Last Updated: Sep 27, 2018
Making admission decisions is hard. We know because we’ve done it: in our over 50 years of collective experience in higher education and admission, we’ve read thousands of applications. And as the former heads of graduate admission at several top-tier schools, we know how tough it can be to choose among so many applicants who, in so many ways, are worthy of admission.
However, some candidates—who by so many measures would have been great additions to a school—unfortunately disqualify themselves and make the admission committee’s “deny” decision fairly easy. How do they do that? The most common behaviors we regularly saw working in graduate admission are presented here as our “Seven Deadly Sins”—things to avoid in your grad school applications (and in life).
1. Misrepresenting the facts
Individuals who are less than honest in the application process are not necessarily dishonest people. Because graduate school admission is especially competitive, candidates can yield to the pressure that comes from believing what they bring to the admission committee is not as impressive as what others may offer—so they take certain liberties with the facts.
While suspicious embellishment of your application will certainly weaken your chances, fabrication will kill them. We can recall one applicant who said he was a Navy SEAL, a piano virtuoso, and had won a national humanitarian award. Naturally, these would be very impressive credentials. Unfortunately, none of it was true. As the old saying goes, “Just say no” when tempted to exaggerate or misrepresent the facts in your application.
2. Rude or arrogant behavior
Graduate schools have high expectations for their students, so there is never an excuse for less than polite or immature behavior, especially during the admissions process. Yes, we all have bad days. But when interacting with the admission office in any capacity, it is imperative to be professional, courteous, and accommodating. Admission committees highly value personal character and confidence, but one’s confidence can easily be interpreted by others as arrogance, so be careful. Demonstrate confidence but avoid conceit. A splash of humility doesn’t hurt. In fact, it may show authentic confidence.
3. Too much contact
If you have a legitimate question, by all means, ask the admission office. But don’t overdo it. Avoid excessive contact or weekly emails reminding the admission committee of your “strong interest.” Graduate applicants need to successfully walk the line between persistence and annoyance. The latter is often interpreted as desperation and will lessen your appeal.
4. Not following directions
In our last blog, we mentioned following directions as a way to be positively noticed. Why do we now shine light on this again? Because it happens so often. If you’re asked to submit a 750-word essay, don’t submit 1,000 words. If you’re asked for two letters of recommendation, don’t send three. This behavior begs the question: if you can’t follow simple directions on the application, how will you follow directions and procedures as a student?
5. Sending wrong or unproofed information
There is no excuse for sending application essays that have numerous misspelled words or grammatical errors. Let spellcheck be your friend, but always proofread your work, checking specifically for grammar. Have someone else review your applications too.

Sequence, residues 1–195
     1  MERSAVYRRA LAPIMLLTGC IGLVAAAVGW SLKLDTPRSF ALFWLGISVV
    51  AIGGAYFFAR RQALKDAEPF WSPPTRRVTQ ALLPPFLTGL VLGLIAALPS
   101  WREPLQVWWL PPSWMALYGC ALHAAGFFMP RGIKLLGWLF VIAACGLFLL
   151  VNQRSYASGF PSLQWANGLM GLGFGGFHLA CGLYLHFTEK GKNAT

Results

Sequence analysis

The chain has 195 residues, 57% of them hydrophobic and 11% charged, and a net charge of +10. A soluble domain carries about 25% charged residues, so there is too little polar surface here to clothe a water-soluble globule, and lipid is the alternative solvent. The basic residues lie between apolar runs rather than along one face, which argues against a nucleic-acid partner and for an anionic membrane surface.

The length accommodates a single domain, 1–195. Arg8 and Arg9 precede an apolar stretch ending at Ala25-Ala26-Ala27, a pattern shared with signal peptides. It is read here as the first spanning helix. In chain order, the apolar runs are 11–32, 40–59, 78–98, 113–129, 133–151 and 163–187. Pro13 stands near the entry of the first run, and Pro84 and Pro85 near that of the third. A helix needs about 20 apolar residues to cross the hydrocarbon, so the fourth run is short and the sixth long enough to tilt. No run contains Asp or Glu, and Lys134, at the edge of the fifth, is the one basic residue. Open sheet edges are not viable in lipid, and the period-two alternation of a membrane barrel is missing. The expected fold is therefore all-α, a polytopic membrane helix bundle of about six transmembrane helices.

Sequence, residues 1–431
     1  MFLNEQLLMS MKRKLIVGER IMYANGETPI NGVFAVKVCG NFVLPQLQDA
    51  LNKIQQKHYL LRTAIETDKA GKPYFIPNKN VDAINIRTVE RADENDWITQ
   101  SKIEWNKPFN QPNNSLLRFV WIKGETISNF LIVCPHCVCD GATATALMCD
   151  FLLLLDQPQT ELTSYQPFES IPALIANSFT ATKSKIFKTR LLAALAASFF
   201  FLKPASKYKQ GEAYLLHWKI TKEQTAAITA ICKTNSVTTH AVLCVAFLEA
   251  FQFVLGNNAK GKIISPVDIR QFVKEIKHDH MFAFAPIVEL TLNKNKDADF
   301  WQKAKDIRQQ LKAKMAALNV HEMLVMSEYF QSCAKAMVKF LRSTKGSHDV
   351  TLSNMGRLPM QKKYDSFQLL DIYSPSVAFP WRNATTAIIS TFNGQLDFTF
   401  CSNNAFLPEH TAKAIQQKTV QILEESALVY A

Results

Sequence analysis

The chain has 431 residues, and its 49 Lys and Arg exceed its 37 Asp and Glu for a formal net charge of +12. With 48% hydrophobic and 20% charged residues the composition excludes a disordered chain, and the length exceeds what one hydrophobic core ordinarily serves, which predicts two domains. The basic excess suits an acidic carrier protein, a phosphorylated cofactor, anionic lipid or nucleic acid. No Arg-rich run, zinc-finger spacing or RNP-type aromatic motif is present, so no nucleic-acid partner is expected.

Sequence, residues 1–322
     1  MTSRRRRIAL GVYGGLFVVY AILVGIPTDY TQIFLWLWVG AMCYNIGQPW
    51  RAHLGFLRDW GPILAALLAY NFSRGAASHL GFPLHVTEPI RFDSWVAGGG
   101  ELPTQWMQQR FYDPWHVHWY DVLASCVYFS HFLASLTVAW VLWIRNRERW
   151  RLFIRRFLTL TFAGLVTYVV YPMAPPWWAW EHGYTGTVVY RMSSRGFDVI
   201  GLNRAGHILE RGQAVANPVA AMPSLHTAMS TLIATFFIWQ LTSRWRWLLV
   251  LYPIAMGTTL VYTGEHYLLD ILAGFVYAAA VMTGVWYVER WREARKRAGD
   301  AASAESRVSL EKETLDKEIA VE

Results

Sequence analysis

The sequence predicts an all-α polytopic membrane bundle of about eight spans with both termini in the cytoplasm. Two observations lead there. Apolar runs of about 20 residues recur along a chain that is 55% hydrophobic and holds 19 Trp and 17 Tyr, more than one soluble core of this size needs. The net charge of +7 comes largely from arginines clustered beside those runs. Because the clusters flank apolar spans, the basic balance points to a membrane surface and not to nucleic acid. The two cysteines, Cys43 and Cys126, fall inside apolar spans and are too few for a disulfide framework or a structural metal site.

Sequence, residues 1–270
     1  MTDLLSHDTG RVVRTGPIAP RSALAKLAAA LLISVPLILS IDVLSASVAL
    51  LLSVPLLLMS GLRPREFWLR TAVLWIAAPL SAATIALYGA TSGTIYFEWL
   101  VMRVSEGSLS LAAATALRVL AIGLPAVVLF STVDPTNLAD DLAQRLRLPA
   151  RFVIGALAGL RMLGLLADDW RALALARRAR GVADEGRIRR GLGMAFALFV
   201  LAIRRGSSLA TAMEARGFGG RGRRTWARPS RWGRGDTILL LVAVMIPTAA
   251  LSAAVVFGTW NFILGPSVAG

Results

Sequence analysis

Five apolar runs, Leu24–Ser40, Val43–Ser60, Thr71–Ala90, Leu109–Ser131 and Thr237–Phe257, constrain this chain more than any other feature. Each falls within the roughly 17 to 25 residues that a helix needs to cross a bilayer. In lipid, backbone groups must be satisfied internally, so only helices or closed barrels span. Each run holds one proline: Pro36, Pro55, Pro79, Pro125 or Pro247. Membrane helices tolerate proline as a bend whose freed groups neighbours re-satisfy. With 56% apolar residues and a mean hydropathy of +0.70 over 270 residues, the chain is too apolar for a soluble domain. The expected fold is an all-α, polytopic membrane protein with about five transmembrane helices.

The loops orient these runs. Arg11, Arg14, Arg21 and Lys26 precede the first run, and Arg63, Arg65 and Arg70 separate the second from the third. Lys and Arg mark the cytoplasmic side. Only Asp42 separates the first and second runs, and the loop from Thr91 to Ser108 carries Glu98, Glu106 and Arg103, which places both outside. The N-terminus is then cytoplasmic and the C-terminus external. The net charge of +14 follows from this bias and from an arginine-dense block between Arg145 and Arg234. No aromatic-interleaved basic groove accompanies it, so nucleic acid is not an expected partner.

Be sure to double-check that you’re submitting the correct essays in each of your applications as well. For example, let’s say you’re applying to master’s programs at a university in Florida and a university in Ohio. If you submit the Florida essay in your application to Ohio—or even if there’s an inadvertent Florida reference in your Ohio application essay—you may as well remove Florida from your list, because they’ll be removing you from theirs. Believe us, it happens a lot.
6. Asking questions you could answer yourself
Do your homework and take time to know the basics. Steer clear of asking questions you can easily find answers to on your own, such as “What are your application deadlines?” or “Do you offer financial aid?” When applicants asked us basic questions like these, we always made a note for future reference—and not because we were impressed.
However, if there are specific aspects of a program that are of particular interest to you—maybe, for example, a study aboard program—it’s perfectly acceptable to ask for more details. This shows you’ve taken the time to look deeper into the program’s offerings and are considering a variety of elements that make that program special.
7. Leaving something unaddressed or making excuses
If there’s something about your grad school application that you believe needs explaining (perhaps a gap in employment or a low undergraduate GPA), be sure to address it head on. Otherwise, the admission committee may think you are hiding something. When you do address it, don’t make excuses. Provide an explanation and offer to provide more information if needed or requested.
Look out for next month’s blog from Don and Kevin: 7 Tips for Preparing Your Graduate School Application.
About Grad School Road Map
The Grad School Road Map team are all former graduate admission directors at top-tier schools and are now writers, speakers, and coaches for the admission process. Since the company was founded by Dr. Don Martin in 2008, more than 300 graduate school applicants have been successfully coached in business, law, medicine (master’s and doctoral), and arts and sciences, with a 97% acceptance rate. For more information, visit our website or follow us on Twitter, Facebook, and LinkedIn.